Relatedly, a 2021 report (pdf) by the U.S.-China Economic and Security Review Commission (USCC) found that the rapid expansion of the regime’s MIRVs had increased the number of nuclear warheads capable of striking the U.S. homeland.

“Due to increases in China’s arsenal of ICBM missiles, launchers assigned to its ICBM brigades, and MIRV technology, the number of warheads that can be mounted on ICBMs threatening the United States is expanding,” the report stated.

To that end, Rogers led his Republican colleagues on the House Armed Services Committee by calling on the Biden administration to begin its own nuclear expansion and modernization program.

“The head of U.S. Strategic Command has informed us that China has surpassed the U.S. in the number of ICBM launchers—this should serve as a wake-up call for the United States,” he said in a Feb. 7 press release. t

“It is not an understatement to say that the Chinese nuclear modernization program is advancing faster than most believed possible. We have no time to waste in adjusting our nuclear force posture to deter both Russia and China. This will have to mean higher numbers and new capabilities.”

During his testimony, Rogers noted that the CCP had nearly tripled its military spending over the last decade, and said that the United States would need to act swiftly to counter the threat, or else risk losing the opportunity altogether.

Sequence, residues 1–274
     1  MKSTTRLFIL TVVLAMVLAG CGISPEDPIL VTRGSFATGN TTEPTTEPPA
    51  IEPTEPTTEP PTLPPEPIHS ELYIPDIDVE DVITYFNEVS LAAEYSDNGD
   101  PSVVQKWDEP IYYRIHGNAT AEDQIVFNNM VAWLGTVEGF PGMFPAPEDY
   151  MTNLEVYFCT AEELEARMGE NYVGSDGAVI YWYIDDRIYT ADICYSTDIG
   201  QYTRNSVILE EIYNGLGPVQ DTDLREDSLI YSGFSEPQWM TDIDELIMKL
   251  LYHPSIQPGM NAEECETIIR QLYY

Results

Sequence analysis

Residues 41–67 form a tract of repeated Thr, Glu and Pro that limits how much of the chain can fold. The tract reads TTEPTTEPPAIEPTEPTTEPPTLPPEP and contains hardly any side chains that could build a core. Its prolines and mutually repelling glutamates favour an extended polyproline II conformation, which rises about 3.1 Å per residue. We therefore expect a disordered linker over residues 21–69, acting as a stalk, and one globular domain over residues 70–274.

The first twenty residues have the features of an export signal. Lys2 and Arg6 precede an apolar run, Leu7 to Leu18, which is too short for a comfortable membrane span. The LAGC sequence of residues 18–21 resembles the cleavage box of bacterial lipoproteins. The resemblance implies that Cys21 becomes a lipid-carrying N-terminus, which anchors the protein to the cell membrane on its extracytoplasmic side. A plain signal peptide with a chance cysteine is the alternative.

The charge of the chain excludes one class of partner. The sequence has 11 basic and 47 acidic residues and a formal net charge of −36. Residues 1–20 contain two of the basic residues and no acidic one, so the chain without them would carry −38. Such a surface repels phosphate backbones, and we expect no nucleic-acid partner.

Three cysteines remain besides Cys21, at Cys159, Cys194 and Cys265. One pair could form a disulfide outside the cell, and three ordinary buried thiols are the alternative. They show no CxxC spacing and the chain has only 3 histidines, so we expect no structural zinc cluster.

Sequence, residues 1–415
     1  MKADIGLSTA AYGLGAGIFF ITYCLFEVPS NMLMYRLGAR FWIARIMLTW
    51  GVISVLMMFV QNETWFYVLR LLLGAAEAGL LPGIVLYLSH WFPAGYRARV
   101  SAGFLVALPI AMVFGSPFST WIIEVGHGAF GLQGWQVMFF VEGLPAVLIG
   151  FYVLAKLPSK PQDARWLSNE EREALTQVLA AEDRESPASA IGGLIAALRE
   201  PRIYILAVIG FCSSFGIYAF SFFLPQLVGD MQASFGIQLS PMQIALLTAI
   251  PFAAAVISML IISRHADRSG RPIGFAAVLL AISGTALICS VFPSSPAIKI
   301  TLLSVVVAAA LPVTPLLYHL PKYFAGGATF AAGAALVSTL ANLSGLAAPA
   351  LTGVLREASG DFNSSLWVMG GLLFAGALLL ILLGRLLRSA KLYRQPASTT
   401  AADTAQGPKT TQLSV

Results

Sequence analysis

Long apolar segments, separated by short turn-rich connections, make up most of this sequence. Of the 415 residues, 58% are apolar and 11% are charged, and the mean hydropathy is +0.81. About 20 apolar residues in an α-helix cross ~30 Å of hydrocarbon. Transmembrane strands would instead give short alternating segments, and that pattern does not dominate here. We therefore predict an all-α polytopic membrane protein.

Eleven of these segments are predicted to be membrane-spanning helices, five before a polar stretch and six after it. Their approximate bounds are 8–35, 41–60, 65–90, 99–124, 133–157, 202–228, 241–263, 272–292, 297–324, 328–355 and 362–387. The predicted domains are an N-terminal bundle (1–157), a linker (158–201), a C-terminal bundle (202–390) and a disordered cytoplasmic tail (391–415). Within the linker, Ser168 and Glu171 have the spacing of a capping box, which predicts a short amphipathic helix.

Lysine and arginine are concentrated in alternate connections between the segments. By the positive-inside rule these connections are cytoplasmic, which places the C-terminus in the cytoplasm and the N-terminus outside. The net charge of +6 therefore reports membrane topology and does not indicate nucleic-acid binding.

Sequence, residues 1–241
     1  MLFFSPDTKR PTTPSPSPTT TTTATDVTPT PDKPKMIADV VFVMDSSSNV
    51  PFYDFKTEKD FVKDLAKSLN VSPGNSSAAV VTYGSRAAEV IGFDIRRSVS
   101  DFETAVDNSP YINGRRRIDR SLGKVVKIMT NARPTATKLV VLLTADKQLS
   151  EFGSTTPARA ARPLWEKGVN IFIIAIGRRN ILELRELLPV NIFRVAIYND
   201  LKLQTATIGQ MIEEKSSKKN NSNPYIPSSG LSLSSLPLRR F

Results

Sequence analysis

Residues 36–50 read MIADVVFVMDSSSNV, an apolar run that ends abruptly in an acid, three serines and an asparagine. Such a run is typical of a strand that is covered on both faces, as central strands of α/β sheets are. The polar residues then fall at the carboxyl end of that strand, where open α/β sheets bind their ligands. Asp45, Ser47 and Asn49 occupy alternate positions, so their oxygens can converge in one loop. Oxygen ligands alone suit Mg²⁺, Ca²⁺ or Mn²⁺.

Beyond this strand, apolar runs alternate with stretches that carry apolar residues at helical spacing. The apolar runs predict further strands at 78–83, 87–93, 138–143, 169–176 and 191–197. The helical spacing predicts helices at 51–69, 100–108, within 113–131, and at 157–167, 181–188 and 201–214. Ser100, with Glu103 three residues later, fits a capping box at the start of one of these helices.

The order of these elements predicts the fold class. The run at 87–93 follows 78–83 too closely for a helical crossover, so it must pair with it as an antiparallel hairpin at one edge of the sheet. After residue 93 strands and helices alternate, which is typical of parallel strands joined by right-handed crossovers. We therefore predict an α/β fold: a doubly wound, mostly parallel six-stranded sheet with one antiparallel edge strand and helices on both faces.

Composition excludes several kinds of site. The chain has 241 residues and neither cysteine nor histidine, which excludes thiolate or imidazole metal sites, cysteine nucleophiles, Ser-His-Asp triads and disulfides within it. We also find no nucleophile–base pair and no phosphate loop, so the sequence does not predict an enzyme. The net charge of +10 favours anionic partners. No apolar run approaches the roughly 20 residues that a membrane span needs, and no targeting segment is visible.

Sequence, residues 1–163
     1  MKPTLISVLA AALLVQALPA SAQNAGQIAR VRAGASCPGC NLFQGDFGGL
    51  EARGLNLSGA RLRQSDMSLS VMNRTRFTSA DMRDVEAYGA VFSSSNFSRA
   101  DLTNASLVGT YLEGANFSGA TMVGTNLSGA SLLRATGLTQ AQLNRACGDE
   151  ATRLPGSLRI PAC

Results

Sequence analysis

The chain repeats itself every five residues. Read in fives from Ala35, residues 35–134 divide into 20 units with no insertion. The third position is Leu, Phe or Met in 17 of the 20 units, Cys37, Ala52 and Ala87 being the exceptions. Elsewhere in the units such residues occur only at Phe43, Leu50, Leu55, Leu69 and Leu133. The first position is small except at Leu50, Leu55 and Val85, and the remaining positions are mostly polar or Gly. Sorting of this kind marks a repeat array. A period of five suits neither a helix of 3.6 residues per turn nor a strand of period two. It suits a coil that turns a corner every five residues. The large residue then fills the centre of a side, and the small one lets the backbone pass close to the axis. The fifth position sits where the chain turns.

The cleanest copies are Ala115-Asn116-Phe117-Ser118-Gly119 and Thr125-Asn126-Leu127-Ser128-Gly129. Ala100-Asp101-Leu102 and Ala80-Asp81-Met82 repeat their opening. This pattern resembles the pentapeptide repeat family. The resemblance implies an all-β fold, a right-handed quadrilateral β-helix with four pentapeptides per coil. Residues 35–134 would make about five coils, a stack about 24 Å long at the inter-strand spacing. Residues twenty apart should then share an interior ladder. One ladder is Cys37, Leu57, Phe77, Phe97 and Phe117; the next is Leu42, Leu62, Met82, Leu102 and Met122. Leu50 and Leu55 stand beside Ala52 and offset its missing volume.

“China is the most challenging national security threat America has faced in 30 years,” Rogers said. “If we fail to acknowledge that and take immediate action to deter it, the next 30 years could be devastating to our nation.”

“We have to stop being naive about the threat we face from China. We no longer have the luxury of time.”

Copper’s fight for critical mineral status gets political push

Copper’s fight for critical mineral status gets political push 

Some of the biggest names in copper have found high-ranking political allies to support their efforts to get the wiring metal added to a list of minerals deemed critical to the US.

Senator Kyrsten Sinema, an Independent from Arizona, sent a letter with other lawmakers on Thursday urging Interior Secretary Deb Haaland to “revisit and reconsider the designation of copper as a critical mineral.” Signers included other senators whose home states are hubs of copper production and manufacturing, including Mark Kelly of Arizona, Joe Manchin of West Virginia, Indiana’s Mike Braun, Raphael Warnock of Georgia and Mitt Romney of Utah.

“This should be a no-brainer,” Sinema said in an interview. “We have major gaps in both our ability to mine and process these minerals to ensure our energy security for the future, and the administration knows how important copper is to our domestic and national security.”

The letter warns of a “significant increase in the supply risk” of copper driven by economic and geopolitical events like the war in Ukraine.

“Given the enormous investment required, the time lag for new sources of supply, and projected demand, time is of the essence,” the letter said.

Separately, Representatives Brian Higgins, a Democrat of New York, and Robert Latta, a Republican of Ohio signed a Feb. 2 letter also calling on Haaland to immediately reconsider adding copper as a critical mineral.